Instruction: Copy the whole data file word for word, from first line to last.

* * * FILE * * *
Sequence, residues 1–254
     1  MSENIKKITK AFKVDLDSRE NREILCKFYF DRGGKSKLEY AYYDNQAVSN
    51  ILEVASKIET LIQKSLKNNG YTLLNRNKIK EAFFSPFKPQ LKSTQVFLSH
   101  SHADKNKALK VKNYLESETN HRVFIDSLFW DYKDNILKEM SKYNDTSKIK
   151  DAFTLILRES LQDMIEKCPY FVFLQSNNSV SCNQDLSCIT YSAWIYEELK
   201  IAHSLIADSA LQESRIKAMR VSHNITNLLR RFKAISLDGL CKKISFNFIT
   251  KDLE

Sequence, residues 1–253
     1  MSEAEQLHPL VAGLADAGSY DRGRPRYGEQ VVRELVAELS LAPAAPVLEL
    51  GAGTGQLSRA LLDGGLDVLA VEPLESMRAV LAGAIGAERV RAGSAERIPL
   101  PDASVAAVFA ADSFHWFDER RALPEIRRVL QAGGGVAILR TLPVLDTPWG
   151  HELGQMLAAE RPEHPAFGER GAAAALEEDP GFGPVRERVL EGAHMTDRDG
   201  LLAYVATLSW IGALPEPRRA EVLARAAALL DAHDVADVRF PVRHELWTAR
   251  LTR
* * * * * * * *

Sequence, residues 1–254
     1  MSENIKKITK AFKVDLDSRE NREILCKFYF DRGGKSKLEY AYYDNQAVSN
    51  ILEVASKIET LIQKSLKNNG YTLLNRNKIK EAFFSPFKPQ LKSTQVFLSH
   101  SHADKNKALK VKNYLESETN HRVFIDSLFW DYKDNILKEM SKYNDTSKIK
   151  DAFTLILRES LQDMIEKCPY FVFLQSNNSV SCNQDLSCIT YSAWIYEELK
   201  IAHSLIADSA LQESRIKAMR VSHNITNLLR RFKAISLDGL CKKISFNFIT
   251  KDLE

Sequence, residues 1–253
     1  MSEAEQLHPL VAGLADAGSY DRGRPRYGEQ VVRELVAELS LAPAAPVLEL
    51  GAGTGQLSRA LLDGGLDVLA VEPLESMRAV LAGAIGAERV RAGSAERIPL
   101  PDASVAAVFA ADSFHWFDER RALPEIRRVL QAGGGVAILR TLPVLDTPWG
   151  HELGQMLAAE RPEHPAFGER GAAAALEEDP GFGPVRERVL EGAHMTDRDG
   201  LLAYVATLSW IGALPEPRRA EVLARAAALL DAHDVADVRF PVRHELWTAR
   251  LTR